There's a way to do things when you play blues guitar and this album from Bushmaster is an object lesson in how to do things. It's a live album that tells it like it is, warts and all. The sound is nothing special but who cares as it's all about coming back from the crossroads inspired and ready to make it all work on stage.
It is also something of an oddity nowadays as most blues albums are polished to an inch of perfection. Here you can damn near smell the sweat. The band lay down a demon groove but it is Gary D Brown's guitar that sells this set. He's always had the spirit of Hendrix in him (and it's still there in "Drowning on Dry Land") but this time out he plays the kind of laid back but elegant blues guitar that brought back memories of Freddie King. The thing to note is the discipline of his playing, however. The guitar is the star but this recording is a long way from self indulgence. That fret board get worked - that's for sure - but everything is in the right place. Emotion and atmosphere abound. "Thousand Miles from Nowhere" was like time travel to late sixties Chicago and some backstreet blues club with nothing but cigarettes and whisky for company. That's something that is lost on your rock guitarists - that expression of emotion that the true masters of their instrument can bring.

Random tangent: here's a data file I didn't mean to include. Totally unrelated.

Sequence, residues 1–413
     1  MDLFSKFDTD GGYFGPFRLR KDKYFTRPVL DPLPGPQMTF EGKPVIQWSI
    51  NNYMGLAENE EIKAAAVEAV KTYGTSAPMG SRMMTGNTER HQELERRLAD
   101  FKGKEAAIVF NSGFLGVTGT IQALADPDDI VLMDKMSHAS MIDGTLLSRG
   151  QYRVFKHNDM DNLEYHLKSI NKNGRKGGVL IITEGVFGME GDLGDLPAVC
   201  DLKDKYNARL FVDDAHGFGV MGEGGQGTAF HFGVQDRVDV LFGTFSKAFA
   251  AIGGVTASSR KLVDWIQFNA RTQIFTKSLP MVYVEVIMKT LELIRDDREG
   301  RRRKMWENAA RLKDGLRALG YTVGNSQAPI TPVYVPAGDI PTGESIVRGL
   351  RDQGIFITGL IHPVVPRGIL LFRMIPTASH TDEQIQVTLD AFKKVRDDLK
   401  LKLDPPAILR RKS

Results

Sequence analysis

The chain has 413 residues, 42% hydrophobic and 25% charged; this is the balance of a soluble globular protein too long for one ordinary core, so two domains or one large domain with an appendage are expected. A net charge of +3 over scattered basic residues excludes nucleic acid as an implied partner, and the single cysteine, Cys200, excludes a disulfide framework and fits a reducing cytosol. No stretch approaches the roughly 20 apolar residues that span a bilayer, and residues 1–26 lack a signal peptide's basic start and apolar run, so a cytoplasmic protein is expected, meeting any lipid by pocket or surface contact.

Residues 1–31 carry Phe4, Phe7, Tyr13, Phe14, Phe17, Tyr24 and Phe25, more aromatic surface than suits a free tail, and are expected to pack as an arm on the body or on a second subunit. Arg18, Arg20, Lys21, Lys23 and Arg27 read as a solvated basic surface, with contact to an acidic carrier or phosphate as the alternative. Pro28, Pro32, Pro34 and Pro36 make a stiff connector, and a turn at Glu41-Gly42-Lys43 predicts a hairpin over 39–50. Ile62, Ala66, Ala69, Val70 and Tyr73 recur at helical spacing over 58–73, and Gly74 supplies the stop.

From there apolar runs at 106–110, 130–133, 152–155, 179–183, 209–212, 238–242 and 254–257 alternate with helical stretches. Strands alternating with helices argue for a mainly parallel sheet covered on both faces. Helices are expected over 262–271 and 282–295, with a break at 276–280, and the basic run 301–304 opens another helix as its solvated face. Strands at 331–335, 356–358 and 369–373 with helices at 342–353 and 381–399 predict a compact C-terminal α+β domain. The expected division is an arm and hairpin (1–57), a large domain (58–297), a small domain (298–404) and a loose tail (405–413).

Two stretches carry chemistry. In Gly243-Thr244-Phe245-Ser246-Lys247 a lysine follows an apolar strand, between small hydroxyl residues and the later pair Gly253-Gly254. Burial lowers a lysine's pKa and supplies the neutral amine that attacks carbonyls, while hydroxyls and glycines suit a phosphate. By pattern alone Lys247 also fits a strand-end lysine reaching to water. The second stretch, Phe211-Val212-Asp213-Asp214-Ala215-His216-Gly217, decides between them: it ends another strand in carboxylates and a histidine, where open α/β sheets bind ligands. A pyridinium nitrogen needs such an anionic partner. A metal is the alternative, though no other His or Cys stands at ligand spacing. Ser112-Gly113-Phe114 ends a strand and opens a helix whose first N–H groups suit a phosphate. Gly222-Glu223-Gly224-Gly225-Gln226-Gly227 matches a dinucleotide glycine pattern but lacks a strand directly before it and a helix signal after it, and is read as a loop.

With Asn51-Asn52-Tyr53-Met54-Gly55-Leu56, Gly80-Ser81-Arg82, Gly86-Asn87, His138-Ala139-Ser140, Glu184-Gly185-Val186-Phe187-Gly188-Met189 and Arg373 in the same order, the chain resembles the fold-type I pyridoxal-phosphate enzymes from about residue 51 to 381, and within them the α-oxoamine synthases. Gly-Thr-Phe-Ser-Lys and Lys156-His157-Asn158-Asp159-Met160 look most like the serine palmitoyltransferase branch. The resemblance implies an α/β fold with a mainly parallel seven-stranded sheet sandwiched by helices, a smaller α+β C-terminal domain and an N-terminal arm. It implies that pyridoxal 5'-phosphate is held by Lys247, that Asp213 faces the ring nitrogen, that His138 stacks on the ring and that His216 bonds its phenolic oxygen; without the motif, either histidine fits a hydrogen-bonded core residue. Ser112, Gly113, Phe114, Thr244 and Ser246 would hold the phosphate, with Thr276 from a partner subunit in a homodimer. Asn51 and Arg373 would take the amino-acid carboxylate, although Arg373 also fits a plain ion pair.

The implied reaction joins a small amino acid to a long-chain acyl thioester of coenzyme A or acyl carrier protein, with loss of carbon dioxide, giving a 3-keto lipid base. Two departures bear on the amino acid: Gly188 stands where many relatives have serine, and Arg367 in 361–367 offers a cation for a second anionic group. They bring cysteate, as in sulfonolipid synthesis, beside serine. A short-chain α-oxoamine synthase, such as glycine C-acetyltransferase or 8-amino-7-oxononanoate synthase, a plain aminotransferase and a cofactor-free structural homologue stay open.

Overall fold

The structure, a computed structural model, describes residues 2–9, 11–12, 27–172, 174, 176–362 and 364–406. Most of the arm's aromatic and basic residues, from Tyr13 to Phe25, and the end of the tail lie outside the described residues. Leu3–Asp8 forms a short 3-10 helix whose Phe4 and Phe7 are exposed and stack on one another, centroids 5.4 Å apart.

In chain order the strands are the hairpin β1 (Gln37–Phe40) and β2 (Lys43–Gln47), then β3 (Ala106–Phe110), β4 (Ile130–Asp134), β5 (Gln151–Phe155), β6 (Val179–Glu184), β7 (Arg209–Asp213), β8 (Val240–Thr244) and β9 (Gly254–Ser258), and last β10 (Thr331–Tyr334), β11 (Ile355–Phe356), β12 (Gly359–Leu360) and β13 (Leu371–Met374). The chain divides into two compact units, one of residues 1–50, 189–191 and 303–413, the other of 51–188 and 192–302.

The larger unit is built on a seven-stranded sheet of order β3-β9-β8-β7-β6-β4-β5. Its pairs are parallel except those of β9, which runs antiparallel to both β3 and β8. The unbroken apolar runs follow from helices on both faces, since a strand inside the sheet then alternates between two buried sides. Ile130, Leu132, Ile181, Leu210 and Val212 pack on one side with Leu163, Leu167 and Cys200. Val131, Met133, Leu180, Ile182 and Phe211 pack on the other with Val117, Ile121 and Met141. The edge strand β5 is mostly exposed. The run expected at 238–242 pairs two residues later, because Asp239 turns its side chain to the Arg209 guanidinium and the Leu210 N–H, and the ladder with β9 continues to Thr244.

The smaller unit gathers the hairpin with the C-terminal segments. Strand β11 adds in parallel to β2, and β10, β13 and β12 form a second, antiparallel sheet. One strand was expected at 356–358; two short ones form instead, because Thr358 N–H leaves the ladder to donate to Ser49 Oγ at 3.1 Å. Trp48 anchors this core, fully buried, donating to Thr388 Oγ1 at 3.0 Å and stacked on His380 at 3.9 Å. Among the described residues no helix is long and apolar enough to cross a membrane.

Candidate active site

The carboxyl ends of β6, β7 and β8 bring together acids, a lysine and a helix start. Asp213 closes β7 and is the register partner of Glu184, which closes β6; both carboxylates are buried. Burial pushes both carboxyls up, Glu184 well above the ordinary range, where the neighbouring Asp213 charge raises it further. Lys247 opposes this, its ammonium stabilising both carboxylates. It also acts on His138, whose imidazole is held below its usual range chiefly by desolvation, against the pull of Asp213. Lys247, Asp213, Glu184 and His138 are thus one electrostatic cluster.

This album has no pretensions. It is rough around the edges but it is the blues and the fact that I have been playing it every day for the last week speaks volumes. I wish I could play guitar like Gary D Brown - I really do.